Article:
"We're also having a hard time believing it, but as of today you can't smoke here," that's how patrons of the Silon bar in Tel Aviv who had drawn out a packet of cigarettes were informed of the new law by an apologetic waitress.
The reason: Bars have no choice but to prevent smoking on their premises or risk heavy fines. Clauses in the law, which came into effect on Wednesday, slap especially heavy fines on the smoker himself and the establishment owner. Will Israel really following in the footsteps of the rest of the Western world on this issue?
Customers at the bar on Ibn Gvirol Street were very surprised by the news. On the one hand, many welcomed it, saying it could encourage smokers to light up less while allowing everyone else to breathe cleaner air.
On the other hand, some said, the new sanction would force people onto the streets to cater to their nicotine habit, harming the fabric of night life in clubs and bars. Owners, on the other hand, present another problematic aspect: "Instead of smoking indoors, which troubles non-smokers, we will now clash with the neighbors over the noise the smokers will be making outside."
In accordance with the new clause, a customer who smokes in a public place in violation of the law can be fined $255. To avoid having to pay an additional fine, the owner of the establishment is required to spot smokers violating the law and demand they put out their cigarette. Should the request be met with refusal, the owner must alert municipal inspectors to fine the offender.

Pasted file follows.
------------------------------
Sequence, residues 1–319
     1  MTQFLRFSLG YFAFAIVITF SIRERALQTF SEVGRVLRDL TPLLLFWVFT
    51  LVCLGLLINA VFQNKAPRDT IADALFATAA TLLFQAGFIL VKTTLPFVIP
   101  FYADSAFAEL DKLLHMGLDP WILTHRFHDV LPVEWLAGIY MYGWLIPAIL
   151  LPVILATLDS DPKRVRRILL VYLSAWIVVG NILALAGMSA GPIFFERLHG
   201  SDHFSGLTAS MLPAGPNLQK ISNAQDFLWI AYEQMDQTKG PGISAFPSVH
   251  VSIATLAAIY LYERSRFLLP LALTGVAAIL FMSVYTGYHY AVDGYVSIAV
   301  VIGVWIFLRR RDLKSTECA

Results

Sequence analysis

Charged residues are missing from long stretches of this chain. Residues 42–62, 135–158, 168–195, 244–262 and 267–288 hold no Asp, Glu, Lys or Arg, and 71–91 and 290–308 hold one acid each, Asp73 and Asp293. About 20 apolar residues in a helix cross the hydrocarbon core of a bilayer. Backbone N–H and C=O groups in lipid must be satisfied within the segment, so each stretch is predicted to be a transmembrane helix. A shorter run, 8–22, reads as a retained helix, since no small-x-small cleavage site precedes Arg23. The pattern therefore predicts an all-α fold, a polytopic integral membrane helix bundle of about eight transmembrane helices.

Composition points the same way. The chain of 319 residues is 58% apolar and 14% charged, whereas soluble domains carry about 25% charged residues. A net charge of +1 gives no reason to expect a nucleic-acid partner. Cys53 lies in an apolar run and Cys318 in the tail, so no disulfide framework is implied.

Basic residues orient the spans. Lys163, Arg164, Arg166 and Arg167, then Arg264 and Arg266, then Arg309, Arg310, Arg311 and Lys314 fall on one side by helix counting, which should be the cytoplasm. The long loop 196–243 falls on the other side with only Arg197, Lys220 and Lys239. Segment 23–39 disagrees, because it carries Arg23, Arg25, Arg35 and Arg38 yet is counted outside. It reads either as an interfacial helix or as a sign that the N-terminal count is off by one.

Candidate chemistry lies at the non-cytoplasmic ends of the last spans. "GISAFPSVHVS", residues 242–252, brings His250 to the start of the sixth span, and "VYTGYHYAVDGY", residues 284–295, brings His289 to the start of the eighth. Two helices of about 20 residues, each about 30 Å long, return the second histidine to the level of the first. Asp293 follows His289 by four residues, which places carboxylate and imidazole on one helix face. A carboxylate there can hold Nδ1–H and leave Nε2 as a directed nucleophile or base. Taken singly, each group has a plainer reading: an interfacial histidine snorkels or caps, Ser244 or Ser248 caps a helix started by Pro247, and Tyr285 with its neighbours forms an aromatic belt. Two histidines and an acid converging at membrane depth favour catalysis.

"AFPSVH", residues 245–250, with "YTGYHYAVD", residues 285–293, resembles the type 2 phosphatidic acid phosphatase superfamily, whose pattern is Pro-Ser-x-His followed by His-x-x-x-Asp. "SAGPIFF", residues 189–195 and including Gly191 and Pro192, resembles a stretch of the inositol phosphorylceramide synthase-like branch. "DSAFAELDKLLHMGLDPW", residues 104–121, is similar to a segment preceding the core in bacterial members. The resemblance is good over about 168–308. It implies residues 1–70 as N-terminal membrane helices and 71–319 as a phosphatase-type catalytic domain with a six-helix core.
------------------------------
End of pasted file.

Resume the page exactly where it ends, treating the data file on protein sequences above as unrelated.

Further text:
In addition, the owner must also demand that the smoker leave the premises and deny him any further
service. Owners who do not comply with the ordinance can expect a fine of $1,300.
Corporate managers who allow smoking in offices under their ownership can also expect to part with $255. Establishment owners of any kind who do not put up a no smoking sign in accordance with the measurements specified by the law will be fined $1,300.
Report: number of smokers declining
Meanwhile, a report published by the Health Ministry revealed that the number of smokers in Israel is continuously declining. A recent survey conducted in 2006-2007 found that 22% of Israeli smoke, a drop of 2.2% in comparison to a survey conducted in the years 2004-2005.
The poll included 3,154 participants aged 18 and over.
The first study on the subject that was held in Israel 37 years ago, found that 42% of the population were smokers.
According to the current survey, 80.3% of respondents believe that smoking should be prohibited in clubs, pubs and discotheques; 78.2% think it should be banned in cafes and restaurants and 84.8% want it to be restricted in malls.